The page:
Thursday, 15 March 2012

Out with some old, in with some old...

Several pieces have changed hands this week.

About a year ago I picked up the original AR amplifier in a a Craigslist deal. I came across it while searching for a Marantz tuner and found it advertised at the same time as a tuner and pair of EPI M50 speakers. I bought them all and a few records at the same time.

AR Amplifier

I knew little about it at the time I saw it but later found that it was very highly regarded and probably quite valuable. Not valuable enough to get rich on but enough to take a chance on. I brought it home and used it for a while but found a few things lacking.

It sounds fine I guess, but lacks inputs and some of the controls that might help in my space. I did think it sounded a bit thin. Maybe re-capping it would help that, but I decided it was worth more to me sold than in a stack of other receivers and amplifiers so sold it was.

Before I did get rid of it I was determined to clean it up a bit, which I did last weekend before the interested party showed up. In some respects I wish I hadn't bothered. The black case seemed to have kind of a soft, not quite sticky coating to it. It still seemed sort of black...sort of. Black like tar.

In fact that was probably what it was, cigarette tar! I am not sure but I think that was what it was. I spent over an hour rubbing it down with water, alcohol, dish soap, WORX (a natural hand cleaner I have), Goof-Off and various other means to try to remove the crud. It more or less came off, and eventually I gave in. I ended up with some lifted paint as well, but it did look better. The knobs were also a bit cleaner, and overall it looked pretty good.

If I had kept it I probably would have either really stripped and powder coated the case, or maybe built a wooden case for it. However the guy who came over liked it as is and took it home for my asking price with no argument. He had one before and seemed keen to add it to his collection even though he had paid about $200 in 1970 dollars back then and mine worked out to a bit more!

Here's another pic:

Ikea cd shelf 2

Anyway, I also made a couple of other deals this week.

My very first pair of decent speakers was a pair of Mission 700 that I bought in Fredericton back in around 1978. I set those up with a Taya turntable and a Technics SA-300 receiver, all of which were bought from Rick at Magic Forest Music Store which was in the basement of the Student Union Building at UNB at that time.

Last year I acquired an SA-400 Technics and later the SA-500 so had that part of the ``original`` system, but yesterday I bought a set of Mission 700s speakers, which are a bit newer but quite similar to those old ones I had. I also traded a pair of Koss M65 mini speakers, one of which I had re-foamed, for a White CEC BD1000 turntable. This turntable was very similar to the Taya I had back then. CEC in fact made the Taya I am sure as well as many other turntables of that era.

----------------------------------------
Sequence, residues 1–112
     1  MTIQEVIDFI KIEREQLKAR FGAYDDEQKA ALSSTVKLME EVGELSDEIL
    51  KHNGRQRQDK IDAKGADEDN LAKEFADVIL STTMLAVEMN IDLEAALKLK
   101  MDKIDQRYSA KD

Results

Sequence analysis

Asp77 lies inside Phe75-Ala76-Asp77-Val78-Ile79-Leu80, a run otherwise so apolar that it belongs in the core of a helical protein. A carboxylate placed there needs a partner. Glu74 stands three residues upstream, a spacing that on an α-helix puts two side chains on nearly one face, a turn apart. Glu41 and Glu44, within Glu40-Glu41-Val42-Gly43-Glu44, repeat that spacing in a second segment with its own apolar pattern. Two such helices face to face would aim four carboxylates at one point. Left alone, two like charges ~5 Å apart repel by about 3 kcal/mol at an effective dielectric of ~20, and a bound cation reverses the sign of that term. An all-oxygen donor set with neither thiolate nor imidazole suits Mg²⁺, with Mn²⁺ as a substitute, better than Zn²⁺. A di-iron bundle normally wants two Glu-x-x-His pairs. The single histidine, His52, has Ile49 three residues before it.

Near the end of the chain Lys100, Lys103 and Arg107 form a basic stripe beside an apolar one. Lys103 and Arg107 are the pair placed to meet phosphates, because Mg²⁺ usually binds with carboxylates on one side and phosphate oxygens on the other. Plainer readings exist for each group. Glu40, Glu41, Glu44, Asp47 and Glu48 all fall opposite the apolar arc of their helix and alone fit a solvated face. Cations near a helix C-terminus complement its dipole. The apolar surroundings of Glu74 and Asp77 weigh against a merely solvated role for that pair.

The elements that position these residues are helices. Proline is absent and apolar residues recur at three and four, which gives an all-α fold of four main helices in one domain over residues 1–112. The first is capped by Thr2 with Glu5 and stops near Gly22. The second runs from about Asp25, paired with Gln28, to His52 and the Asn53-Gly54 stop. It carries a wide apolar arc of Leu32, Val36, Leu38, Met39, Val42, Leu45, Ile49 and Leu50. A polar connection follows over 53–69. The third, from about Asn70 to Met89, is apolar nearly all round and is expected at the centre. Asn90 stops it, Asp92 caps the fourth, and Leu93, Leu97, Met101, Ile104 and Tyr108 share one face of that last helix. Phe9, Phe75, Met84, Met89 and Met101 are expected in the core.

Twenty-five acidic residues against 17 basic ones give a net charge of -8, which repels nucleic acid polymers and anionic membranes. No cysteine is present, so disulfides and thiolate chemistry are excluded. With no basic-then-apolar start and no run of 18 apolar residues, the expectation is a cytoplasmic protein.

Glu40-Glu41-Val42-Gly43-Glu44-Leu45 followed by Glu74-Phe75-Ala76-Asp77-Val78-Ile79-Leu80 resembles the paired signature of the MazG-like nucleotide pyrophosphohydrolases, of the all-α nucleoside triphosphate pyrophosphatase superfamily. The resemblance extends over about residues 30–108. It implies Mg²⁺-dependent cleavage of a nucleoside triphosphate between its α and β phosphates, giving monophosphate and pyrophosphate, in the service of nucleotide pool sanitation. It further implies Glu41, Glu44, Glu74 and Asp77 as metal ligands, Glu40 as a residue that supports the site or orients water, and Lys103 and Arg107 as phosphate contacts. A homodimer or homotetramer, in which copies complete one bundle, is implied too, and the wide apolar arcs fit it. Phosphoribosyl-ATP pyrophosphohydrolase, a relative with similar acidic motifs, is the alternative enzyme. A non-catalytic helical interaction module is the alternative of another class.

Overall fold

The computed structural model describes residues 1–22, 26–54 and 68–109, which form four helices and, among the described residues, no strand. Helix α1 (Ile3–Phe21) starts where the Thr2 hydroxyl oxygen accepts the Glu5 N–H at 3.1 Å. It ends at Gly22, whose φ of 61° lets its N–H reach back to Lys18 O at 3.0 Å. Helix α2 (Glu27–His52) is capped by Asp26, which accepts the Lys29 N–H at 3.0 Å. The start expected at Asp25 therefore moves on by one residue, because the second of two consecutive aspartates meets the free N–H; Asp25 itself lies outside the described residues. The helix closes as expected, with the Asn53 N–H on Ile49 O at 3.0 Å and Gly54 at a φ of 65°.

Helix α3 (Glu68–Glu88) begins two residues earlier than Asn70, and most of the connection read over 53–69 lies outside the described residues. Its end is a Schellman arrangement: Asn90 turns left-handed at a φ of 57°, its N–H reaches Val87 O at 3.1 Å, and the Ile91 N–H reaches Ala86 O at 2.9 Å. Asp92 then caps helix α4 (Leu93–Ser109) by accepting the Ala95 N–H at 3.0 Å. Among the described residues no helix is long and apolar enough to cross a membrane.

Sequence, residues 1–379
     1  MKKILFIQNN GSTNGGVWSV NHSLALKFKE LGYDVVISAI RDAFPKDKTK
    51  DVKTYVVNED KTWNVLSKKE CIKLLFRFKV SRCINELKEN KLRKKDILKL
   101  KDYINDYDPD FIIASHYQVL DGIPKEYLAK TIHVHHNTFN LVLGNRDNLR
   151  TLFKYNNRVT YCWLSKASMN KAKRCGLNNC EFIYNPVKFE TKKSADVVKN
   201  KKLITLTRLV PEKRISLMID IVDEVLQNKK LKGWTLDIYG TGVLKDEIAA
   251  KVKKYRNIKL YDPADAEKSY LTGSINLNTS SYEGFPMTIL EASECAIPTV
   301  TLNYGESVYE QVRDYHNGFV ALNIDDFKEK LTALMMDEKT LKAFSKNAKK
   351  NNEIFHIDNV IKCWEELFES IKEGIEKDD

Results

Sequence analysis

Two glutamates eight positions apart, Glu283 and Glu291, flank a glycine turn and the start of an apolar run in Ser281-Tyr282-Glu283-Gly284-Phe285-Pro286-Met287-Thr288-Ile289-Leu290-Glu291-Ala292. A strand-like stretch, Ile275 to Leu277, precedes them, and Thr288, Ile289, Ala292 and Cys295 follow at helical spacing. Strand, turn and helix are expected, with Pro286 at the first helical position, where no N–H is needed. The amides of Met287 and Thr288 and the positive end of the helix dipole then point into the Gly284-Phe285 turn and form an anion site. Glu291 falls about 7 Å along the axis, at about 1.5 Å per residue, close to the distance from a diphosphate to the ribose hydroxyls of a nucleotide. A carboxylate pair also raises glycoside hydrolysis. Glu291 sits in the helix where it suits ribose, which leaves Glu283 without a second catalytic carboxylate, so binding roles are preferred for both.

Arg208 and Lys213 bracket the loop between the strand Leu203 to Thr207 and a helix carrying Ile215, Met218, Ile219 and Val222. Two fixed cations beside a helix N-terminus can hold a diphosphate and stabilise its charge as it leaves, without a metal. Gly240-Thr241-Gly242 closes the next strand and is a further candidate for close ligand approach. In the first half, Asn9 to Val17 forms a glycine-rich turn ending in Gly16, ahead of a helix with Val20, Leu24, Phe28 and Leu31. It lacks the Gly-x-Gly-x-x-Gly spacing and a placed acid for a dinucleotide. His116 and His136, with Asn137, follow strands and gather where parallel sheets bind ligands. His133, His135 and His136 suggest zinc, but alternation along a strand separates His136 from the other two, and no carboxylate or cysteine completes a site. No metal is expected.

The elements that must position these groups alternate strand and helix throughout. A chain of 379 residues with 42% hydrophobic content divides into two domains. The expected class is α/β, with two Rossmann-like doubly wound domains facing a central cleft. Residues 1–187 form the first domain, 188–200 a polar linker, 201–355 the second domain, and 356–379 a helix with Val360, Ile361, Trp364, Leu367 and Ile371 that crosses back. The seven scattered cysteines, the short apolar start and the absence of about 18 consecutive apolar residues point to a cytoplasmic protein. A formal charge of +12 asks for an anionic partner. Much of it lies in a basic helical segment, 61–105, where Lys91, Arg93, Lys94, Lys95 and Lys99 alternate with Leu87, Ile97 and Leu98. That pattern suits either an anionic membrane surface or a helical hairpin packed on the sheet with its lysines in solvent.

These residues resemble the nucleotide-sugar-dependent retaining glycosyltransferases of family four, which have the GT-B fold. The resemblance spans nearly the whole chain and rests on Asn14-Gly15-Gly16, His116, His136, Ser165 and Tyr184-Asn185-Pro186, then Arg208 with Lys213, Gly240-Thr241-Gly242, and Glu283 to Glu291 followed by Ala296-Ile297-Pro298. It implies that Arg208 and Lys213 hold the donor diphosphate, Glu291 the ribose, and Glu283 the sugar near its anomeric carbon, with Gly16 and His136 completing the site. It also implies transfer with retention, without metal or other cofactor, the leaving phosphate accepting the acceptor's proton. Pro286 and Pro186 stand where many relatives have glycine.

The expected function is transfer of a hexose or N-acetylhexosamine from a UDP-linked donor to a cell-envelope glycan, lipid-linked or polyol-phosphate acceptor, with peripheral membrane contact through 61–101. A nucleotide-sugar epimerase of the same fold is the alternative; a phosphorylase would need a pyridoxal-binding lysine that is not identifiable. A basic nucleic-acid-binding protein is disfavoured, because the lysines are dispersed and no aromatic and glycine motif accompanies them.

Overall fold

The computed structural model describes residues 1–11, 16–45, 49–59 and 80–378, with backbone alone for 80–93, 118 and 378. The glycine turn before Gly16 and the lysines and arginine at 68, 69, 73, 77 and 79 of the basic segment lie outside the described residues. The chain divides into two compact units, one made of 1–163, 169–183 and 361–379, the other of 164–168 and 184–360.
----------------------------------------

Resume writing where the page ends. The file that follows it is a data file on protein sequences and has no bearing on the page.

The speakers look pretty good and sound fine, but will look better when I get to work a bit on a few scratches and marks in the finish.

Mission 700s

 The turntable needs a bit more work, being quite scratched up on the lid, and otherwise a bit mangled. It didn`t help that the guy met me in the Safeway parking lot carrying the turntable in his backpack. The platter and mat were just bouncing around inside the lid! Fortunately he had locked down the tonearm and the cover was not cracked. In addition the suspension screws were still tightened down so not too much could move.

White CEC BD1000

The lid has the usual scratches, and some sticker residue but other than that it should clean up fine. I had a belt that fit, as the one that was included was either the wrong model or was just too stretched. The Audio Technica cartridge and stylus seem to be fine at first examination. The headshell actually had a crack in it it but I think I have successfully epoxied that.

White CEC BD1000 Turntable

A cracked headshell was itself odd, but I figured out why. For one it is plastic. That is not necessarily a bad thing though most good shells are metal. Plastic is pretty inert sonically, electrically and magnetically. Metals might not be, but they might be stronger. This headshell did not have a chance though as the cartridge was installed in such a way as to clamp it over a grounding wire and so that the stylus could not be pushed on to the body all the way. Not surprisingly the headshell cracked as  the cartridge screws were tightened. I glued, reversed the screws, moved the grounding wire, and it should be fine now.

The lid and other issues I will get to later...


  1. I still own an AR amplifier I bought back in 1971! Yes, it still works, but there is some noise which indicates that it needs recapping. As for the "tar" coating on the case, whatever it is, it is not "cigarette tar." My amplifier has never been in the same room with a smoker but yet, the case has developed that sticky feeling to it. I have it in a wooden case, so I don't particularly care. FYI, the plinth surfaces of AR turntables are also notorious for developing this stickiness over time. The cause for this is not some environmental gunk accruing to the surface; it is a chemical change over time to the coating itself. God only knows what AR was using for its finishes. No doubt it causes cancer in laboratory animals.

    1. Thanks. That is good to know, but is gone now anyway. It was an off finish. Taking the tacky outer surface off still left a painted surface below,except for a couple of spots where that lifted. Despite the various means I tried, I was not really all that aggressive with it. If I had kept I would probably have built a wooden case too.